Redefining How We Buy and Eat Food
Even if you go to the gym like clockwork, work with a personal fitness trainer and maximize heart rate efficiency, that’s still only half the battle to get in shape. Love handles and muffin tops are less about fitness and more about your diet. And, to be clear, how much you eat is just as important as what you eat.
This isn’t a diet article (although, stop eating sugar); this is a quantity article. If your diet states you should eat 4 oz of lean red meat in one particular meal, that doesn’t mean 16 oz is four times healthier. Moreover, mindful eating recommends lots of leafy vegetables, which always seem to be a lot easier to buy than they are to eat.
Food waste is a lose-lose
Food waste is a buzzword these days. It’s something we all can get behind, hopefully. Food waste, however, is also good gauge for how well you’re eating. Take note of all the food you’re throwing away; chances are, it’s probably the healthiest food you could be eating, which is also to say that its substitution probably wasn’t.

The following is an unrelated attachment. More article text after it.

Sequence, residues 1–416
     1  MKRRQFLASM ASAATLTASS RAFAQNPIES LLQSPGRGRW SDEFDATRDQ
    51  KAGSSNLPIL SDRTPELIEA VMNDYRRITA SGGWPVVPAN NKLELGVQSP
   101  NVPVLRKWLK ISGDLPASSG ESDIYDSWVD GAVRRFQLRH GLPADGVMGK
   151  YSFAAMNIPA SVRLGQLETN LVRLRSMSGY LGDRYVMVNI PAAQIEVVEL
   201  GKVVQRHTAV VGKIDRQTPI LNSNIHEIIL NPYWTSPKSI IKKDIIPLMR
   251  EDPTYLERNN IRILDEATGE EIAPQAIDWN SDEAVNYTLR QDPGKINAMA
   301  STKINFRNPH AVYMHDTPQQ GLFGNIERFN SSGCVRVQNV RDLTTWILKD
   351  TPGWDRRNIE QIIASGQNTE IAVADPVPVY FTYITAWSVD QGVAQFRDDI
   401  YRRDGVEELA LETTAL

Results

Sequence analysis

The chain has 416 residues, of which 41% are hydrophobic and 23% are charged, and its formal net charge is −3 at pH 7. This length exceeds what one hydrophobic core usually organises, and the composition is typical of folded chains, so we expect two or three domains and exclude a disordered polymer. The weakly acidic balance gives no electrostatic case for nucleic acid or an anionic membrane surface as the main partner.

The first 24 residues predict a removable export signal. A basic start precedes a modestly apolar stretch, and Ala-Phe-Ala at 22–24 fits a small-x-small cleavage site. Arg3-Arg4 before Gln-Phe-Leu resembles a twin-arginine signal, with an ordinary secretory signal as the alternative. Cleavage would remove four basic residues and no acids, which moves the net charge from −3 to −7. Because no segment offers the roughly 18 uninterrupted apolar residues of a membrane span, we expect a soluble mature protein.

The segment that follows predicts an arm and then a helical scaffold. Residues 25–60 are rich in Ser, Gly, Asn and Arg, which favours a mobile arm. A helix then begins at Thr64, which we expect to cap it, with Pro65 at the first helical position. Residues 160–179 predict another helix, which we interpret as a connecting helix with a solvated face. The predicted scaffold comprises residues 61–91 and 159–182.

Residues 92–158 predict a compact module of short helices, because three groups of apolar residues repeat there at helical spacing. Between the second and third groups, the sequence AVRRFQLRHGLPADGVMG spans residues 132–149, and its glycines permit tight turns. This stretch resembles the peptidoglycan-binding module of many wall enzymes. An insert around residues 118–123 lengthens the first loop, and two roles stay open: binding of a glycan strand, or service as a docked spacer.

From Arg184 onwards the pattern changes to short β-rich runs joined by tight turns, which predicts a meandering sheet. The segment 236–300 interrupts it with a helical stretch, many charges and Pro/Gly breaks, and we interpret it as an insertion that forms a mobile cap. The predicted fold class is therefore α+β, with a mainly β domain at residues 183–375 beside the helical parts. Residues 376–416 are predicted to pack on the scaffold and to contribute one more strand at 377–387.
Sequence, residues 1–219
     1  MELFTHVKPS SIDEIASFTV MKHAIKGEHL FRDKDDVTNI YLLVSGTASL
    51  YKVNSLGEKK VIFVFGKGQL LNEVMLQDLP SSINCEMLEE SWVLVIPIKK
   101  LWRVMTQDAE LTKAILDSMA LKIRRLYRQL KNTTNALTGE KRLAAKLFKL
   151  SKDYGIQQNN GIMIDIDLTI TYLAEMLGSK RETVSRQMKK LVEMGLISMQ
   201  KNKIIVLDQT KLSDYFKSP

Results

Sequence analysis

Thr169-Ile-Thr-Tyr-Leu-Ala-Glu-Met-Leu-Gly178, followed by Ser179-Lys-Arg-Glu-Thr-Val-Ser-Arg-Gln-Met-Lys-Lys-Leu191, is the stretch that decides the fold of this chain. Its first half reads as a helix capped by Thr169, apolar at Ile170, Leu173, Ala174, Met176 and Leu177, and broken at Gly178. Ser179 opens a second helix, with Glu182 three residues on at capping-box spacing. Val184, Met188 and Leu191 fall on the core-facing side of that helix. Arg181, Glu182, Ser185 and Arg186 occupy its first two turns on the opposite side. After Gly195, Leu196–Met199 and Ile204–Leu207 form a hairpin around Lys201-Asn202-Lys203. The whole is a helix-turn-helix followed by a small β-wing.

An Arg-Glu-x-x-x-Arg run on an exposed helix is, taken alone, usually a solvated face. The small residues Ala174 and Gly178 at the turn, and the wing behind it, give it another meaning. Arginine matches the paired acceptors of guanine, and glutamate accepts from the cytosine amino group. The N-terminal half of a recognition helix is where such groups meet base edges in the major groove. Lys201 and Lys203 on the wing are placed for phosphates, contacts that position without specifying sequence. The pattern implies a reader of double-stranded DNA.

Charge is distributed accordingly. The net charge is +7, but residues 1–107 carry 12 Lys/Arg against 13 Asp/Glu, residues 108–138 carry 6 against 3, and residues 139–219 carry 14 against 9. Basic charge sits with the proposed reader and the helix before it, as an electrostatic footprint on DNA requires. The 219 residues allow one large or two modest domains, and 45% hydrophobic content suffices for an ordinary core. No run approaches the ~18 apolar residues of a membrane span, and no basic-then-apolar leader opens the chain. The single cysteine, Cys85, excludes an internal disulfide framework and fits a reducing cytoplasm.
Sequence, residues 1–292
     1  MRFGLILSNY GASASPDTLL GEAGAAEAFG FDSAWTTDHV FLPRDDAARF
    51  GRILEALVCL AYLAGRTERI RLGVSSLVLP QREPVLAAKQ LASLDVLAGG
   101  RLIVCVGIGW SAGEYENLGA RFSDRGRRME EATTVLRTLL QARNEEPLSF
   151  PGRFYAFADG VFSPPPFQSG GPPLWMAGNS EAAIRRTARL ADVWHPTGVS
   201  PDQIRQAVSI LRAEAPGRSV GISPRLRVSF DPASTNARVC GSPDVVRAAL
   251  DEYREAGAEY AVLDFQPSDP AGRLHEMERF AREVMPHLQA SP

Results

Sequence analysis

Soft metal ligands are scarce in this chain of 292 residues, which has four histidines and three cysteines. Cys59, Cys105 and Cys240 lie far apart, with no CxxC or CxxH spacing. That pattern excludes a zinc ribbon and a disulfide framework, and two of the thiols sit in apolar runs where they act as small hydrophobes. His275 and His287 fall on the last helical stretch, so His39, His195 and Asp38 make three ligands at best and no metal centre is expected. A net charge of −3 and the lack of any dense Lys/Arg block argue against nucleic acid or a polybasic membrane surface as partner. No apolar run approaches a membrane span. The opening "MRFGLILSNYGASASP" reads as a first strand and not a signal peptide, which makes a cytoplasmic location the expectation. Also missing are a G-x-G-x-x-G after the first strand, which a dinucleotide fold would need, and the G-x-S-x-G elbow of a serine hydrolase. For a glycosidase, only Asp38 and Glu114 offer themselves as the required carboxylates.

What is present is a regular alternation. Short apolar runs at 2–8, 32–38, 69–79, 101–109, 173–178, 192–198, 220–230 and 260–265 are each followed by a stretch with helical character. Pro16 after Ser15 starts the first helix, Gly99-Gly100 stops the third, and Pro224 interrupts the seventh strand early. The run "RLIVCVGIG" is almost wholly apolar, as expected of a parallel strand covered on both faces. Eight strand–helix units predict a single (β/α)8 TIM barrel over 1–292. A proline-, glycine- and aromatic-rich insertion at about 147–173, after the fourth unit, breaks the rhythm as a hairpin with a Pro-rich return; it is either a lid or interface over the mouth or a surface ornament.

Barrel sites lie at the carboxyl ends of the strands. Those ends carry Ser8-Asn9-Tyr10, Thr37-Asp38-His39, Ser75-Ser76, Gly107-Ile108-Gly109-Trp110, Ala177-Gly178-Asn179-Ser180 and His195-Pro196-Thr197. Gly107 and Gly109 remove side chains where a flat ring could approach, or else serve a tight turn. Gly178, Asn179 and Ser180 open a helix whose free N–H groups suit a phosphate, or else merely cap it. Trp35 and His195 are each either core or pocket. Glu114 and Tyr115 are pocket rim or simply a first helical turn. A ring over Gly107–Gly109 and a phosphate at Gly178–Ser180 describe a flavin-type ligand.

Food waste means that you’ve spent money on perfectly good food but tossed it. Second, it means that somewhere along the line, your best intentions went awry. And that’s why so many people hit the gym on January 1. When your plans derail from last-minute restaurant plans or fast-food runs to curb cravings, all that good organic matter goes to waste quickly.
The best gyms in Denver and across the country believe that fitness derives from good exercise and mindful eating. That sounds super boring in a country obsessed with food experimentation, but portion control goes hand-in-hand with putting work in at the gym to achieve optimal fitness. Super-sizing your portions is a fitness killer, no matter whether you’re cooking at home or eating a sit-down meal at a nice restaurant. There are too many opportunities to enlarge our meal sizes. Besides, most of us don’t have the luxury of being able to eat anything without consequence. Bad food takes its toll eventually, and bad food usually comes with a longer shelf life.
The good news with reducing food waste and enforcing portion control is that you’ll likely achieve your fitness goals more quickly than fighting extra calories. The challenge is to change your grocery-shopping habits. However, more frequent trips to the grocery means buying less food every time, potentially reducing food waste and motivating you to cook with fresh food more often. You might even consider a smaller fridge!
Fine, I won’t mess with your fridge size. But if it messes with your waist size, then you’ll likely hear it about it.